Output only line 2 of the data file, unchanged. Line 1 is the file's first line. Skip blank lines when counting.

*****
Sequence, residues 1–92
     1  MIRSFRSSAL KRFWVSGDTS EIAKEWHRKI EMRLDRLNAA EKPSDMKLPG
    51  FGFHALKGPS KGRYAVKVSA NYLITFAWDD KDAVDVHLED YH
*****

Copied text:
     1  MIRSFRSSAL KRFWVSGDTS EIAKEWHRKI EMRLDRLNAA EKPSDMKLPG